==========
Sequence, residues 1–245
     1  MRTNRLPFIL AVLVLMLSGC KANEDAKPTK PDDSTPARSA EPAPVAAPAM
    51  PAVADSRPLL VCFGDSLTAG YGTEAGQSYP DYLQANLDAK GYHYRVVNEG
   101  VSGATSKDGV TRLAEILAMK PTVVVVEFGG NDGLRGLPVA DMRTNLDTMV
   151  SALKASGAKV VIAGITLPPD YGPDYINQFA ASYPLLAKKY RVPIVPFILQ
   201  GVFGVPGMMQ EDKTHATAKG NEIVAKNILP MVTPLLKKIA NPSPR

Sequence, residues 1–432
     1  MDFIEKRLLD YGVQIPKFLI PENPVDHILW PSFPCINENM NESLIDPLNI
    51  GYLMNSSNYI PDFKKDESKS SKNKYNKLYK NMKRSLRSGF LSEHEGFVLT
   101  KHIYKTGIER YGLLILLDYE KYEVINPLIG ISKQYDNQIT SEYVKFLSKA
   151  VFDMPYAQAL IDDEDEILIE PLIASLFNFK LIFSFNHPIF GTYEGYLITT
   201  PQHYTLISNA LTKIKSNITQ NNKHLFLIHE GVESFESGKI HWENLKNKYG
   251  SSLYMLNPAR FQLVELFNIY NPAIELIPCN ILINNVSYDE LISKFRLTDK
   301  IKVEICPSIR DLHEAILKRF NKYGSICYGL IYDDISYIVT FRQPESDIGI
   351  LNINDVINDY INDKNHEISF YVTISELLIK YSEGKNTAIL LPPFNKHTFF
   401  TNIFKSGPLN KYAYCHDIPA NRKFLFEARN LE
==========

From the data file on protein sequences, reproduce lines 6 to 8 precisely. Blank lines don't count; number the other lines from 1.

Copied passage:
   201  GVFGVPGMMQ EDKTHATAKG NEIVAKNILP MVTPLLKKIA NPSPR

Sequence, residues 1–432
     1  MDFIEKRLLD YGVQIPKFLI PENPVDHILW PSFPCINENM NESLIDPLNI